The Zinophile: The Origins of Two Poetry Chapbooks

Good writing can take its inspiration from almost anything, from true-life experiences to speculation to riffs on objects and scenarios encountered in passing to the culture we encounter every day. The two chapbooks covered in today’s column take inspiration from wildly disparate topics. One is written in a reflexive voice, surrounding its point of origin and corresponding with it in numerous ways; the other takes the stuff of classical works — seasons, romance — and channels it through an abrupt, […]

Continue Reading

“Either you dress for the music or the occasion”: The Complex and Challenging Poetry of Leah Umansky

I tend to gravitate towards people who can utter statements with passion and honesty sans irony to the effect of “The first chapter of Wuthering Heights changed my life.” I long ago dropped the pretension that a love of books in anyway, necessarily, speaks positively of a personality. Yet, Leah Umansky, makes me rethink my opinion. Umansky, a prolific and talented poet, a loving and devoted teacher, represents someone of the rarified kind who still believes, deeply, in the power […]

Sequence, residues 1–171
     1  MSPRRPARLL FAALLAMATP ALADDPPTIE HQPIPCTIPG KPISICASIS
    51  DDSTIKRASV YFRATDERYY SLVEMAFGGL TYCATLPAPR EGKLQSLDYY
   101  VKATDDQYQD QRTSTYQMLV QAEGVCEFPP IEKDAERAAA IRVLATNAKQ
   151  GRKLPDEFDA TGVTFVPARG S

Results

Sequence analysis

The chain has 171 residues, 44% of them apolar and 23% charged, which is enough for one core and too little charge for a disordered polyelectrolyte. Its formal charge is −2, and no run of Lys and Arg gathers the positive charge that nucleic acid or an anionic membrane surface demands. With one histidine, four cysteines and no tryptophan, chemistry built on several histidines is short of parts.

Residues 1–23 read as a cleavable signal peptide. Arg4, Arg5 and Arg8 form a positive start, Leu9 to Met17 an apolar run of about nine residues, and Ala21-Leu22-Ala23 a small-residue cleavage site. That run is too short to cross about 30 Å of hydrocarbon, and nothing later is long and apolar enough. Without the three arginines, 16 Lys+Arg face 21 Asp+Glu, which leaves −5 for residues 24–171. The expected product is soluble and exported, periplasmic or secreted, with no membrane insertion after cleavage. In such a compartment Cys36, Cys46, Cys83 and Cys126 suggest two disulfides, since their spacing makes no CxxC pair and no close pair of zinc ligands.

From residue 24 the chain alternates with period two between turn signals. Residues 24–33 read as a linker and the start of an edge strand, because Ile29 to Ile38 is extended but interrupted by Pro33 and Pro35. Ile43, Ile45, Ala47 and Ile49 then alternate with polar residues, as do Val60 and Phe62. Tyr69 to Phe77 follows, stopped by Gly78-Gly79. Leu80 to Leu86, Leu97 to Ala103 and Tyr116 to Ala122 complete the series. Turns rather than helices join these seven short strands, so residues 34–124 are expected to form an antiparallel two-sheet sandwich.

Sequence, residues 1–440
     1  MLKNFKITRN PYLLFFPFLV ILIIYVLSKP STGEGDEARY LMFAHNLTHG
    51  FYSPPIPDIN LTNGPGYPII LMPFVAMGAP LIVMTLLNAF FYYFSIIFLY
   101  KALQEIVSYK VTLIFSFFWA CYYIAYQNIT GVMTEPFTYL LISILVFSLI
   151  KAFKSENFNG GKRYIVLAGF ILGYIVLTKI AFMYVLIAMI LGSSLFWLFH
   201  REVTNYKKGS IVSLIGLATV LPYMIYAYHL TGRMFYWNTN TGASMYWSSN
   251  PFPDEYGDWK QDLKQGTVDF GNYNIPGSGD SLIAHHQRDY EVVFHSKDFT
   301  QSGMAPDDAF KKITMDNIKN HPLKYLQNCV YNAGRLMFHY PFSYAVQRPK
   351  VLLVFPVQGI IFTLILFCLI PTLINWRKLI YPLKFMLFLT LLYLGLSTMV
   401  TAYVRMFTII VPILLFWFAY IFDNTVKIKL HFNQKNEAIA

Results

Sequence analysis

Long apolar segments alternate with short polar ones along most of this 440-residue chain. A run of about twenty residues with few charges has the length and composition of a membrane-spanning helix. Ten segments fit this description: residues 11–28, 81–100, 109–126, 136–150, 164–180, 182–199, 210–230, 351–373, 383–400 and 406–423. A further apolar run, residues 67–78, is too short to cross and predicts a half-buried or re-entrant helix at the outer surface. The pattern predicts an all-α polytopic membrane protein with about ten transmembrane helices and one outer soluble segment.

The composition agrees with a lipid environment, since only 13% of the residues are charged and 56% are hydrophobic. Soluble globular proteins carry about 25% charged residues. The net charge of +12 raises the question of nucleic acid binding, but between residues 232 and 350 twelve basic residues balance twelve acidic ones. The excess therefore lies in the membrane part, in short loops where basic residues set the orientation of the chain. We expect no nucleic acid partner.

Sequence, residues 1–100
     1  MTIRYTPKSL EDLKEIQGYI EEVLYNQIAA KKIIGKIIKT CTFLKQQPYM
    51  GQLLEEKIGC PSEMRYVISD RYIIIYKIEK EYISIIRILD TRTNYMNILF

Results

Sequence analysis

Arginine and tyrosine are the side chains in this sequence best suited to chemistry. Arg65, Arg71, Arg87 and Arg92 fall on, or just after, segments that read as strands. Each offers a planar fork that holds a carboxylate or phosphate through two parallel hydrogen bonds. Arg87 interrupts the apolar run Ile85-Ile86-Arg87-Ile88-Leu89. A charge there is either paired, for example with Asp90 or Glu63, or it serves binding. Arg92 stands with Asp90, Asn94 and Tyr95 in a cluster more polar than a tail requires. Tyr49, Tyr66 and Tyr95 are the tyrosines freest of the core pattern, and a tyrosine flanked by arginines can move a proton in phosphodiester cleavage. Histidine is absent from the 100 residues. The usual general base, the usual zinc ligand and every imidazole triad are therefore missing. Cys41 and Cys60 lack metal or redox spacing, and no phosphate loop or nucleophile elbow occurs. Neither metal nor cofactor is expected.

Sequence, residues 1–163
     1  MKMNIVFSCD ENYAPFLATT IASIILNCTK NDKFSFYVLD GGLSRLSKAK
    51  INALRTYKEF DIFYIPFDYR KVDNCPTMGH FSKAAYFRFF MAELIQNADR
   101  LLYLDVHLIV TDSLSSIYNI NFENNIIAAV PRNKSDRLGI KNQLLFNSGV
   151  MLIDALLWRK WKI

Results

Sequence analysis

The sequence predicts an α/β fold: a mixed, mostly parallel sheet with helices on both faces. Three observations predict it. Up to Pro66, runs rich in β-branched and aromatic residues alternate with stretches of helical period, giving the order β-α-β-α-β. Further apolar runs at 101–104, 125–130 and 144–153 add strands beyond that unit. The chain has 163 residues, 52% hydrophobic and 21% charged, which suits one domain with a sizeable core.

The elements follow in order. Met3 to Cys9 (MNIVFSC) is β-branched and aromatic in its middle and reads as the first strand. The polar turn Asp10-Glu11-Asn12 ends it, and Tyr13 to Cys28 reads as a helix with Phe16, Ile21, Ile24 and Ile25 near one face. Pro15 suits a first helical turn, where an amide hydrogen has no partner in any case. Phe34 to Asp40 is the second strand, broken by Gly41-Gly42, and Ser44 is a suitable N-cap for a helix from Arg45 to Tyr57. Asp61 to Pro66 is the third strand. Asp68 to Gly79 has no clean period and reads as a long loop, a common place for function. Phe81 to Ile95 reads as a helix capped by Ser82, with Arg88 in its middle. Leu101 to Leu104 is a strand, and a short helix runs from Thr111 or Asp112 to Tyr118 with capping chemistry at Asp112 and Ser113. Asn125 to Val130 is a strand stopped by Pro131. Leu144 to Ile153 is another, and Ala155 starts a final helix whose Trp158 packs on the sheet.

Continue Reading

“Betrayal”: Live at Franklin Park with Heidi Julavits, Touré, Fiona Maazel, Leah Umansky, and Joseph Riippi

  Franklin Park, just off the prettier end of Eastern Parkway and Franklin Avenue, has quickly become perhaps the best place in Brooklyn to see live literature. Thanks to the superb efforts of host and curator Penina Roth, who verifies that success comes from being kind to anyone and everyone, the high pedigree of authors who’ve graced the Franklin Park Reading Series at 618 St. John’s Place in recent months has included Jennifer Egan, Rick Moody, Mary Gaitskill, Michael Showalter, […]

Continue Reading